Senate Approves Climate Change Bill

California to require insurance discounts for property owners who reduce wildfire risk California to require insurance discounts for property owners who reduce wildfire risk The U.S. Senate voted to approve a major climate change…

Senate Approves Climate Change Bill

California to require insurance discounts for property owners who reduce wildfire risk

California to require insurance discounts for property owners who reduce wildfire risk

The U.S. Senate voted to approve a major climate change bill that aims to reduce the risk from fire in California, a state that has been hit hard by the most destructive wildfires in terms of both human casualties and property loss.

In a unanimous vote Wednesday, the Senate passed the climate bill, which aims to cut emissions from fossil fuel use by about 40 percent by 2030, using a strategy that will also require power plants to close if carbon dioxide pollution trends continue.

House members voted to approve the measure in an even more partisan vote.

The Senate’s approval came in a day after key members of the Democrat-led California delegation, including Sen. Dianne Feinstein, D-California, announced their support for the bill, which was passed in the GOP-controlled House late Tuesday. In a statement, Feinstein said there’s “not a single thing wrong with the bill” and that it “saves lives, creates new jobs, strengthens the economy and reduces the state’s severe climate impacts.”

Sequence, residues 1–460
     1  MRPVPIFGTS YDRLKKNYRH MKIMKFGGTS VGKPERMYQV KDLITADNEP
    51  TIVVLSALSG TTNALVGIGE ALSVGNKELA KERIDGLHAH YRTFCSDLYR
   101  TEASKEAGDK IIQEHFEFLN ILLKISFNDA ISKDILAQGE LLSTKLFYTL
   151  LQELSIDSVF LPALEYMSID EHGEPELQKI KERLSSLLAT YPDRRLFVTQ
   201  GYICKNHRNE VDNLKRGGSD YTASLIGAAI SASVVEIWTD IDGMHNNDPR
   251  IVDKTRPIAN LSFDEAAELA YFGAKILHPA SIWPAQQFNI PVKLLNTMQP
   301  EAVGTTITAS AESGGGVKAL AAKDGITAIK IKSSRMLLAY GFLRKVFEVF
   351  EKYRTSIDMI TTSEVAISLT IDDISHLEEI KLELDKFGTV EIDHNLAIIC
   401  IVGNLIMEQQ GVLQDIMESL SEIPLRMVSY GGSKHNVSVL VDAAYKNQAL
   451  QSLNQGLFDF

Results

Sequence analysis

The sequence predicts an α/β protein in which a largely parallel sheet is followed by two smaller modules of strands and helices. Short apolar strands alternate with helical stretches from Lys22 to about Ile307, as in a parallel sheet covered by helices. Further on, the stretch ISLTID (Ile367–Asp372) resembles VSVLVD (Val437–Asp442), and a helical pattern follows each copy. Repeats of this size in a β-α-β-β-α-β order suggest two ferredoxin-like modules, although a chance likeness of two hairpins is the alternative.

The bill is also a significant victory for environmental and energy interests, which have struggled for years to stop the federal government from taking any action on climate change. Many of those interests have argued that the legislation would be a bad deal because it would allow companies to continue to buy pollution credits that could reduce greenhouse gas emissions while at the same time cutting off those credits for businesses that move out of California and other states.

The biggest criticism of the bill is that it isn’t binding, meaning companies do not have to comply with the new rules on climate and pollution, as they would in most other climate legislation.

The issue is likely to become a key point of contention in the weeks ahead, as Republicans try to repeal the legislation along with the Obama administration’s Clean Power Plan.

Sen. Tom Udall, D-New Mexico, the top Democrat on the Senate Environment and Public Works Committee, said in a statement that the bill passed by the Senate “will do the most damage to our economy and our climate for the next generation.”

The measure also seeks to give California the opportunity to submit a plan for reducing emissions by 2020.

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